The LoHud Yankees Blog

A New York Yankees blog by Chad Jennings and the staff of The Journal News

End of the line for Farnsworth?

Posted by: Peter Abraham - Posted in Misc on Jul 30, 2007 Print This Post Print This Post | Email This Post Email This Post

I will be surprised if I walk into the Yankees clubhouse at 3:30 p.m. on Tuesday and Kyle Farnsworth is there.

If there is a last straw, yesterday was it.

Farnsworth walked a batter with a six-run lead then gave up a home run. That’s bad enough. But that the guy is not an especially good pitcher is hardly breaking news.

It’s what happened later that punched his ticket out of town.

Farnsworth allowed a two-out single to Nick Markakis. With Kevin Millar at the plate, Jorge Posada called for a slider and Farnsworth threw a fastball. The ball hit Posada on his wrist and he was charged with a passed ball.

Posada walked slowly to retrieve the ball then stared at Farnsworth. Posada was lucky he didn’t break a bone. When a catcher is gearing his body to catch a breaking pitch and gets a 97-mph fastball, it’s dangerous.

When Posada went to the mound, Farnsworth turned his back on him and Alex Rodriguez had to settle Posada down.

Later, once we got in the clubhouse, Posada didn’t have much to say about the incident. But Farnsworth said, “we’ll see” when asked if everything was OK with Posada. He then complained about how little he has been used lately.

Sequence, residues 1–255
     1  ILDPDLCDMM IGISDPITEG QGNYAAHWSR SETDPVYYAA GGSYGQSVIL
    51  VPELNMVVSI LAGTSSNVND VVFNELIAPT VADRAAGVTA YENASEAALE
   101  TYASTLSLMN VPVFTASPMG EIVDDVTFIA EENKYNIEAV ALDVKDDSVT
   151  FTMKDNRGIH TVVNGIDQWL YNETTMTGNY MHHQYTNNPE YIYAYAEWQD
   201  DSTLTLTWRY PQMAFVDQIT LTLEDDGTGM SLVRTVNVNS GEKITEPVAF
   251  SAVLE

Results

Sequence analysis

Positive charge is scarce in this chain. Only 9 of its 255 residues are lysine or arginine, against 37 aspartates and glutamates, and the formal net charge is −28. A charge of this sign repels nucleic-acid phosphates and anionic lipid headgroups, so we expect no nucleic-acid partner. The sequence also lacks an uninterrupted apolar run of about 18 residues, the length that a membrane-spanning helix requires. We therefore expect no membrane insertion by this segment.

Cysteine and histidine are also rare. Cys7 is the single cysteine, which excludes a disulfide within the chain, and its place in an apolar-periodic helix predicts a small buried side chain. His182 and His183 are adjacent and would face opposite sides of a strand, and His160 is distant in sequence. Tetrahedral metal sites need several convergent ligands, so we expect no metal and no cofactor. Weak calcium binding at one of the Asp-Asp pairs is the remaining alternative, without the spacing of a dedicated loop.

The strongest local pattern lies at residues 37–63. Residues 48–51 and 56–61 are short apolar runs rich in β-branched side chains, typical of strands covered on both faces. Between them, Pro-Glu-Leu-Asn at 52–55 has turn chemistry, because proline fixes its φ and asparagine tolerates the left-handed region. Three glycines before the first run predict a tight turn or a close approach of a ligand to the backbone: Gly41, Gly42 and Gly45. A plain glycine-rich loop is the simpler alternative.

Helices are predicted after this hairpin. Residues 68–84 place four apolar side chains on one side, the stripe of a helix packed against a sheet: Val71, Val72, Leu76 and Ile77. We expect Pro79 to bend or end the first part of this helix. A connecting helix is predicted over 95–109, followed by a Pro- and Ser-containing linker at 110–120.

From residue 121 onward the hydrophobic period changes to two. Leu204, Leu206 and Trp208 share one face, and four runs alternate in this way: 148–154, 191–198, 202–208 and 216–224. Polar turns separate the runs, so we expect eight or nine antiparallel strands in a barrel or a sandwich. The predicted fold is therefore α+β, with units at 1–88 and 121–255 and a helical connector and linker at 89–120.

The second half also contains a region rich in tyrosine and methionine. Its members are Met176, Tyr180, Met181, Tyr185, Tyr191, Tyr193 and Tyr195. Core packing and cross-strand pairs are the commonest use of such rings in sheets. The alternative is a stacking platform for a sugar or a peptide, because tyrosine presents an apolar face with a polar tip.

“I don’t like it at all,” he said. “I didn’t come here to sit on the bench. That definitely doesn’t help.”

Farnsworth hasn’t been pitching because the Yankees need victories and he cannot be trusted. I also strongly suspect he was being hidden from the eyes of opposing scouts in the hopes of maintaining whatever trade value he has.

Now the Yankees are in a position of weakness. Clearly they need to trade Farnsworth, yet they owe him $7.3 million.

Still, he has to go. His innings can be replaced and clearly he’s a bad fit. He showed up Joe Torre a few weeks ago and now Posada.

Farnsworth tries to be one of those old-school, tough-guy relievers who intimidates with physical presence and a big fastball. It works for some guys, not for others. Scott Proctor and Brian Bruney have tried to copy his style with poor results. Trading Farnsworth would help them.

The Yankees have been trying for two years now to get Farnsworth to trust his slider and mix his pitches. It’s what the Cubs, Tigers and Braves also tried to do. If he gets traded, it would be his fifth team in four years.

That would be no coincidence.

As for that the Yankees can get for him, Brian Cashman has 27 hours to figure that out.




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